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January 12, 2022

What to expect in Washington (January 12)

Majority Leader Chuck Schumer (D-NY) said the Senate could act as soon as today toward passing voting rights legislation and taking “whatever steps necessary to address this chamber's rules in order to accomplish that goal,” and there have been signals that the chamber could be in session this weekend and potentially Monday’s federal holiday to work on the issue. President Biden delivered a speech on the issue in Georgia January 11, endorsing Senate rules changes to pass voting rights legislation, which Republicans oppose. There are no indications at this point that all 50 Democrats will support any changes to the Senate filibuster. “The Democratic caucus is still mulling a whole grab bag of proposals and hasn’t coalesced around a final option yet,” Politico reported.

COVID funding – Punchbowl reported House Majority Leader Steny Hoyer (D-MD) as saying the White House will be pushing for a COVID-related emergency spending bill, “a supplemental appropriation, which I think would be an emergency legislation… I expect there to be additional sums, substantial additional sums will be requested, to deal with and confront and try to contend with the coronavirus.” The supplemental will likely be attached to or considered around the time of a bill to extend government funding beyond February 18. Roll Call reported Appropriations Chair Rosa DeLauro (D-CT) as saying, “There’s been discussion about what we need with regard to [COVID-19], both domestically and internationally.” The report said, “There’s no indication yet from Republicans about whether the party would broadly back more emergency funding to address the ongoing pandemic…”

BBBA – The Build Back Better Act (BBBA) looms in the background, and Democrats are describing the situation as an effort to achieve 50 votes, without directing any frustration toward Senator Joe Manchin (D-WV) or other members. White House Press Secretary Jen Psaki said January 10, “Well, our conversations are continuing behind the scenes at a staff level. And I can assure you that – and assure the American people – that the President is going to continue to press to get Build Back Better done most importantly, to ensure we are lowering costs for Americans across the country – on childcare, on eldercare, on health care – addressing the climate crisis… We need 50 votes in order to get that legislation done. And we need to figure out what that looks like to get that legislation done.”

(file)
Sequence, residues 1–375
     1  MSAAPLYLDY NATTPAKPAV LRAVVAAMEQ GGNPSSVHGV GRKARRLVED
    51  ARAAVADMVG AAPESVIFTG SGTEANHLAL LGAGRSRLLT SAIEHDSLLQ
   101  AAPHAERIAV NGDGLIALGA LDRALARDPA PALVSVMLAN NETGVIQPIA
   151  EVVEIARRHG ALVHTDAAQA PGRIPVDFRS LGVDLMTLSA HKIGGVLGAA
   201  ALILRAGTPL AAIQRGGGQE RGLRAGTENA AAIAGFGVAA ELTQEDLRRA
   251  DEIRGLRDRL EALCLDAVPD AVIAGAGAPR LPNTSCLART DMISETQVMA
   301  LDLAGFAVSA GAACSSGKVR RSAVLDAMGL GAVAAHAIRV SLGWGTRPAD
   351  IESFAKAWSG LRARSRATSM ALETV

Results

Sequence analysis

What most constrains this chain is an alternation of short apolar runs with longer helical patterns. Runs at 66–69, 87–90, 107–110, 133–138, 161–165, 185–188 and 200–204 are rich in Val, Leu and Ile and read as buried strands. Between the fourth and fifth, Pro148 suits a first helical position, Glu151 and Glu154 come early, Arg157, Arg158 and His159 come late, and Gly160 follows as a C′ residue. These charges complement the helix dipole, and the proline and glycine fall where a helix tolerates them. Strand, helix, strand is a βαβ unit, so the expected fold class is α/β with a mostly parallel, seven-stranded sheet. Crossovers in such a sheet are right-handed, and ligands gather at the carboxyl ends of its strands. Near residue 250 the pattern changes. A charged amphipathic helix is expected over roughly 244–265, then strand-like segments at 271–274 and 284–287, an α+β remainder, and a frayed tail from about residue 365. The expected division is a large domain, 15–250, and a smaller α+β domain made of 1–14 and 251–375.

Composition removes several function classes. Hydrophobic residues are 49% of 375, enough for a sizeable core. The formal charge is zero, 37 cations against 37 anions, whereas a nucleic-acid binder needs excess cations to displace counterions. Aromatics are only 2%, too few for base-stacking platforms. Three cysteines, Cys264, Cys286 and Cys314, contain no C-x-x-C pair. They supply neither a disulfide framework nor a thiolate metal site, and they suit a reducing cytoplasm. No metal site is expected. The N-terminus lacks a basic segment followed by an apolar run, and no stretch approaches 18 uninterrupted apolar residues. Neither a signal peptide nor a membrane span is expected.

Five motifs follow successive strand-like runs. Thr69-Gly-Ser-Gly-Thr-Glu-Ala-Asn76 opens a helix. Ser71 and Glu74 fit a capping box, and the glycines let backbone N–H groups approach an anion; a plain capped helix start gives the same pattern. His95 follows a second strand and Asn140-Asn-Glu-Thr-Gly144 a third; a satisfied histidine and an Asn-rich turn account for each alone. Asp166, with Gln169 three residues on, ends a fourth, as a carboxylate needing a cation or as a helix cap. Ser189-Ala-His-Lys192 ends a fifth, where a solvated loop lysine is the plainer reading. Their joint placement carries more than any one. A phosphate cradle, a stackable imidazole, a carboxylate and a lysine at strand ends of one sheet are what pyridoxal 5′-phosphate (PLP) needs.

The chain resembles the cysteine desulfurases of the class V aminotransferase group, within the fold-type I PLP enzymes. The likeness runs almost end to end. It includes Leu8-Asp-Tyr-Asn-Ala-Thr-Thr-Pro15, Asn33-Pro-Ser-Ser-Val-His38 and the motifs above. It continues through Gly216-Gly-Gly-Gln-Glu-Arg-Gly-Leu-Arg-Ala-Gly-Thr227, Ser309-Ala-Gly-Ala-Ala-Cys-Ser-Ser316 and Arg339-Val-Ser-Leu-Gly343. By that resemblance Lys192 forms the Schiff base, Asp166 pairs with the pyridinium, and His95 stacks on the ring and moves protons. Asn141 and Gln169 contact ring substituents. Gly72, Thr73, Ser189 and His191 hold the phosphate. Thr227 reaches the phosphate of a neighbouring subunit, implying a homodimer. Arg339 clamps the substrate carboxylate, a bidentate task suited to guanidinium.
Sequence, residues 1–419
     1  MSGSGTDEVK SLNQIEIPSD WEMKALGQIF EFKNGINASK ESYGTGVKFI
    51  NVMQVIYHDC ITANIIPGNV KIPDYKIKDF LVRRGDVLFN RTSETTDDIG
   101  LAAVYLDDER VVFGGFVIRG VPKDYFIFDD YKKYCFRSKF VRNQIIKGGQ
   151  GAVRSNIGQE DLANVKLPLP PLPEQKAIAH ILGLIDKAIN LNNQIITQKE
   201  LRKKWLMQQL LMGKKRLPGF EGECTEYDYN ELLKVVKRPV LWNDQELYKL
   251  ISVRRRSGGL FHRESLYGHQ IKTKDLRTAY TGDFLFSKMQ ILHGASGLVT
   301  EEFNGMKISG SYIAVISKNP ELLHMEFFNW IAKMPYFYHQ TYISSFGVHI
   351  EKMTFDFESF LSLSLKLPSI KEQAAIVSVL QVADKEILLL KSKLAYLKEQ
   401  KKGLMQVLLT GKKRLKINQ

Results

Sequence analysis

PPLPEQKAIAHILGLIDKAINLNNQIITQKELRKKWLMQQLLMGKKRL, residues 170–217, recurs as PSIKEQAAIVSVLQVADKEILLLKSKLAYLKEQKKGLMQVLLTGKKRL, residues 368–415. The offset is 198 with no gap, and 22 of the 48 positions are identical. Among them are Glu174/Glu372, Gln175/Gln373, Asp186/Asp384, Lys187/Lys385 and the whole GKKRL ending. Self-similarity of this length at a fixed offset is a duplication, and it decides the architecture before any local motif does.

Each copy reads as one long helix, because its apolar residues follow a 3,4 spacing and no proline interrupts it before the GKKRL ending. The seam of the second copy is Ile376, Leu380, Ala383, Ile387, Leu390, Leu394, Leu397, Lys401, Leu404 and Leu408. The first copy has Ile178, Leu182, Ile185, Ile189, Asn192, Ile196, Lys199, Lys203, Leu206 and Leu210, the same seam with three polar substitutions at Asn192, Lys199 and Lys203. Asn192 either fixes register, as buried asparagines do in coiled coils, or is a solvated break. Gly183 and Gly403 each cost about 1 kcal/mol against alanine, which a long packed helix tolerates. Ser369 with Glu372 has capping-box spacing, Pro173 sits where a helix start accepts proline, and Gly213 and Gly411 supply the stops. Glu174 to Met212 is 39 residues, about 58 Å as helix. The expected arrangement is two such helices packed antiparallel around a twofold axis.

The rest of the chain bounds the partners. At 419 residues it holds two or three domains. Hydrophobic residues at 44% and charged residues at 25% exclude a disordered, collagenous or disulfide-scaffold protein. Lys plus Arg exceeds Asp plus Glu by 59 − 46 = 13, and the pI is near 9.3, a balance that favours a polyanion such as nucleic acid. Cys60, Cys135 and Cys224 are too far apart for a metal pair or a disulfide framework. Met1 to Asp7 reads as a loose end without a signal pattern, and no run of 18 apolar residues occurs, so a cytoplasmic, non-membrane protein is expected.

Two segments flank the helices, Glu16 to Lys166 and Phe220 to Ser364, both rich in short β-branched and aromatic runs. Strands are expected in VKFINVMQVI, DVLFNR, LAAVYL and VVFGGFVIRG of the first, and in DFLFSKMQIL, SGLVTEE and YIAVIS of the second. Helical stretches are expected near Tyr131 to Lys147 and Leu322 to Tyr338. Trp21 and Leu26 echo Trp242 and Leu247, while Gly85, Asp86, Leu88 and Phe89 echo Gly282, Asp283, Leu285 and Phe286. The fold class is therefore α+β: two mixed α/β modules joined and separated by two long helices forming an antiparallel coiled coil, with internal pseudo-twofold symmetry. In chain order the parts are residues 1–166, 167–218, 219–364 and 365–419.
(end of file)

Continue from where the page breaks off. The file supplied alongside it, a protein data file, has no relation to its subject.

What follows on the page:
On January 11, during the President’s trip to Georgia, Psaki refuted that “there is a push to get Build Back Better passed by the State of the Union” address on March 1, saying, “We have not set a deadline... We are, of course, behind the scenes, engaged closely with staff, with members across the Democratic Party, and that work will continue…” She also pushed back against the characterization that talks had stalled with Senator Manchin, saying, “I would just say that we’re not going to detail, in any specifics, conversations we have with Senator Manchin or other members.”

Asked on “The View” January 11 about not yet getting the BBBA and some other priorities done, Senator Schumer said, “Well, some of it we have gotten done, and we did do the [American Rescue Plan] bill, which was probably the most significant, progressive piece of legislation since the Great Society, in 50 years, and we got that done. With 50 votes, we need to get every Democrat, and it’s a broad caucus, running from Bernie Sanders to Joe Manchin on board. We worked very hard to do it. So far, we’ve gotten people on board on the major bills that have come before us, but we’re working very hard on voting rights and BBB.”

A January 10 New York Times story said the United Mine Workers and West Virginia A.F.L.-C.I.O. supporting the BBBA could sway Senator Manchin to support some version of the bill. “[T]he decision of the labor groups to come out forcefully in support of Build Back Better could be significant. Mine workers are likely to be more persuasive to Mr. Manchin than the progressive activists who kayaked to his houseboat at a Washington marina to harangue him or the colleagues buttonholing him at Senate votes,” the story said.

Tax – An EY International Tax and Transaction Services Alert, “Foreign tax credit regulations revamp creditability rules for foreign income taxes and include several other key changes,” is available here.


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Washington Council Ernst & Young
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